Table of Contents

Using Crusta

Crusta is currently in development. This page provides bare-bones instructions for early users. The instructions apply to using Crusta in desktop environment and assume that the software is started with the provided mouse.cfg configuration file (see below).

Crusta visualizes global terrain by rendering crusta globefiles. These files contain terrain data (DEM, imagery, etc.) that have been optimized for use with the visualization. Please see "Use Construo" for details on how to create globefiles. Example datasets can be downloaded from the Crusta Globefiles page.

Launching Crusta

Startup Configuration

Because Crusta is an application built using the Vrui framework it may run on a number of visualization environments from a laptop to an immersive CAVE. To facilitate desktop usage of the application it provides a startup configuration that bind Crusta's virtual tools to inputs on the keyboard with a mouse, and a command to automatically load this configuration (crusta-desktop).

The tool assignments are as follows:

crusta-desktop currently unavailable
Menu 1-key 1-key
Widget interaction left mouse button main trackpad button
Pan left mouse button main trackpad button
Rotate right mouse button z-key
Zoom scroll wheel Page-Up/Down swipe
Map Primary ctrl + left mouse button 2-key
Map Secondary ctrl + right mouse button 3-key

Map Primary is used to create and edit line mapping control points and Map Secondary to select and delete line mappings. See the Mapping section below for details.

Launching

1. Open a Terminal window.

2. cd into the folder from which you want to run crusta. All output generated by the program will be stored in that folder:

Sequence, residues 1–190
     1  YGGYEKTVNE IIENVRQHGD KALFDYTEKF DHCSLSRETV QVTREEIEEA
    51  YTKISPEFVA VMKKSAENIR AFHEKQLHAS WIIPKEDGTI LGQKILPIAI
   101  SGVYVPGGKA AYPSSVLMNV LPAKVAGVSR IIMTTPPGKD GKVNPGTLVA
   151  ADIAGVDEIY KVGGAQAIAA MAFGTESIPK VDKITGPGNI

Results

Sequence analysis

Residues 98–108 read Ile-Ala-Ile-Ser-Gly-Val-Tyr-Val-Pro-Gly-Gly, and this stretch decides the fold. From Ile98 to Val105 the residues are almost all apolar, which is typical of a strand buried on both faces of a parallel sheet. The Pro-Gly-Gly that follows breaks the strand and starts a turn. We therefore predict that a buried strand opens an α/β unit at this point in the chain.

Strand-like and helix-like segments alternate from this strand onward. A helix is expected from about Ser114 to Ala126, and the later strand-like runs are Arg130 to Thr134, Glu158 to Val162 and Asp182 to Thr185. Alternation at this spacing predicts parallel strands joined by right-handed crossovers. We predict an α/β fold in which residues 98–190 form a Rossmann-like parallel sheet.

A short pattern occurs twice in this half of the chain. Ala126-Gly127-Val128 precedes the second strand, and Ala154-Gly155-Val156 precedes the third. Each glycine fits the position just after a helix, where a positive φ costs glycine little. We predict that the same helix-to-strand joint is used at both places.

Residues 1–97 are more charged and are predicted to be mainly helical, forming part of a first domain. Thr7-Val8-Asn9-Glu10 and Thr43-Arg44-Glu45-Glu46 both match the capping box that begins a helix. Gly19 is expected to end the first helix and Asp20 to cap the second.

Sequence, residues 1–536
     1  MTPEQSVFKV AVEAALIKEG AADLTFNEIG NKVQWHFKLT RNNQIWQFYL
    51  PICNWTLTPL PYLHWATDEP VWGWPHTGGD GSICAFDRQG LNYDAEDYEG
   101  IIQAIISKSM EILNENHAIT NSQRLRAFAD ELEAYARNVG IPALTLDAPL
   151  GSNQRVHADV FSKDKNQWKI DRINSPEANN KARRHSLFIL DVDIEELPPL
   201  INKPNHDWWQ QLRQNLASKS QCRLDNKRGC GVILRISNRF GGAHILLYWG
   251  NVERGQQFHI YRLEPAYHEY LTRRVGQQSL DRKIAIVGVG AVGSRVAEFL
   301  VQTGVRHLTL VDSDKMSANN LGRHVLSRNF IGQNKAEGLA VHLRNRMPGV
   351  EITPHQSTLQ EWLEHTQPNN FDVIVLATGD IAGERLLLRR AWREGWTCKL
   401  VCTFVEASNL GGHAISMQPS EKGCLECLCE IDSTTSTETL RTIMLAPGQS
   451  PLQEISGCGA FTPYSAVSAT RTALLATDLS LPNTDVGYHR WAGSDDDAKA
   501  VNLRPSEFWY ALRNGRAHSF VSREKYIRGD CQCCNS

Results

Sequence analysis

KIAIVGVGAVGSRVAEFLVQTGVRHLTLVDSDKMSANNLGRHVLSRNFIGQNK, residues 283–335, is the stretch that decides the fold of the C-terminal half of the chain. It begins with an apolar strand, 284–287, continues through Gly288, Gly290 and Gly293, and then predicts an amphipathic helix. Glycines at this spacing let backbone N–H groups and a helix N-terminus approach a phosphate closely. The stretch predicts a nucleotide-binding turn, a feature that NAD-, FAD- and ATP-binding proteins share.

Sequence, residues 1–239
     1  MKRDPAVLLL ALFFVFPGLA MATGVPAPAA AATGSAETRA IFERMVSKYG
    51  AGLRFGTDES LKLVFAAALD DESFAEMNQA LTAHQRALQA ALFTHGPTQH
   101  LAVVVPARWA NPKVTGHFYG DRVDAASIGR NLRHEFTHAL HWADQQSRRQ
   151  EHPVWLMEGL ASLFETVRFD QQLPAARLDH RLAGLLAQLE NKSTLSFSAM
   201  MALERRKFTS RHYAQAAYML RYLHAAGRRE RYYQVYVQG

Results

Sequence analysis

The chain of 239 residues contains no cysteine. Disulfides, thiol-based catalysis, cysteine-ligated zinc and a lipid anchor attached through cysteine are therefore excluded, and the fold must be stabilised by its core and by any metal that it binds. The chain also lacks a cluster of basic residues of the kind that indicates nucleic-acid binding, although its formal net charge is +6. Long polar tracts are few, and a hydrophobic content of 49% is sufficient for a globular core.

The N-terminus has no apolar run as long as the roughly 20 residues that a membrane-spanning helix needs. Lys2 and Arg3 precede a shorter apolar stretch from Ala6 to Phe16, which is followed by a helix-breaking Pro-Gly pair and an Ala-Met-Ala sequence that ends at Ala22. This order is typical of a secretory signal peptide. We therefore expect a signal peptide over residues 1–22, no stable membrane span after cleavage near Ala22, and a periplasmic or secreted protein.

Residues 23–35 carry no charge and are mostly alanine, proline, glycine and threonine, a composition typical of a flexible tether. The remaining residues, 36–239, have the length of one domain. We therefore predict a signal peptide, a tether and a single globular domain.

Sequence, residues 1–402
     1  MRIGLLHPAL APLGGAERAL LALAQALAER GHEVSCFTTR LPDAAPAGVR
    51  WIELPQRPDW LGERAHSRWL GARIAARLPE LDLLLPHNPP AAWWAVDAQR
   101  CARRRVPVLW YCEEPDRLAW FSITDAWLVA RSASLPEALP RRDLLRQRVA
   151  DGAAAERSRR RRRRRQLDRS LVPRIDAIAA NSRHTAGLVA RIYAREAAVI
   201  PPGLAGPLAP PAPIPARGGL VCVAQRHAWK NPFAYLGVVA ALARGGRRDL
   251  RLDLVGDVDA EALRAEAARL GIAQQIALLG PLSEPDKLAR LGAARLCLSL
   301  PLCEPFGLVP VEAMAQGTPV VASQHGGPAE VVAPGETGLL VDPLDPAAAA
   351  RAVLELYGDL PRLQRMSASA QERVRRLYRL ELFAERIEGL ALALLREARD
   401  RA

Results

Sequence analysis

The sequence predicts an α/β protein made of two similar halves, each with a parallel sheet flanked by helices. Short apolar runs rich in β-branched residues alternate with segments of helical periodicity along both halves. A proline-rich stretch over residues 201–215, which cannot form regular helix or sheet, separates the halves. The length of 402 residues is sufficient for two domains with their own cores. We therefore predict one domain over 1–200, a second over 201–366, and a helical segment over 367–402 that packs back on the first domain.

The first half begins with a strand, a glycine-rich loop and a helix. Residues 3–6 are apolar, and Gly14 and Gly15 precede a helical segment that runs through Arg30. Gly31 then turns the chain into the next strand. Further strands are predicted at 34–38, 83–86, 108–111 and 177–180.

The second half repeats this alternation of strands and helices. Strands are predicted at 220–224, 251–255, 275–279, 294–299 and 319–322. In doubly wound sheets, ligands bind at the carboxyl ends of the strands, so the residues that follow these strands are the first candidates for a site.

cd /path/to/crusta/output/folder

and then launch:

crusta-desktop [crusta globefiles]

You can launch Crusta with no default dataset and use the Crusta menu entry Load Data to select the globefiles to visualize from within the running application.

Examples:

crusta-desktop
crusta-desktop ~/Data/DEM.globeFile ~/Data/Color.globeFile

note: although the Color and DEM globefiles are folders that contain numerous files, only the base folder path should be used to specify the globefile.

The main menu of Crusta is brought up by pressing and holding the 1-key (as in the number one) on the keyboard. Entries of the menu are selected by moving the mouse pointer to the desired entry and then releasing the 1-key. Following features can be accessed through the menu:

Saving a viewpoint

Vrui easily lets you save and restore viewpoints within any program (3DVisualizer/LidarViewer/Crusta). Bring up the main menu (use the 1-key) and navigate to Vrui System –> View –> Save View and Vrui will export a file into the directory where you ran Crusta from. If it is your first saved viewpoint it will be called SavedViewpoint0001.view. You can rename this file, but be sure to leave the .view extension. To load this view back, from the main menu navigate to Vrui System –> View –> Load View and find the view you would like to load when the dialog box opens.

The Crusta desktop navigation binds the viewing manipulations to pivot around a point fixed on the surface of the globe. The left mouse button is used to pan: when held the motion of the mouse shifts the pivot point on the surface. The right mouse button is used to orient the view: when held the motion of the mouse rotates the view-point around the pivot point. Use the scroll-wheel to zoom in and out.

Mapping

In the desktop configuration (mouse.cfg), editing line art can be done as follows (WARNING: NO UNDO FUNCTIONALITY!):

The following applies to active polylines:

Saving mapping to various file formats:

Assigning attributes (this allows you to decorate lines in Arc with map symbols)

Applying color

A color map is generated for each scalar layer that is loaded for visualization. The colors generated for the scalar layers are composited using alpha-blending over the imagery layers.

Editing the color map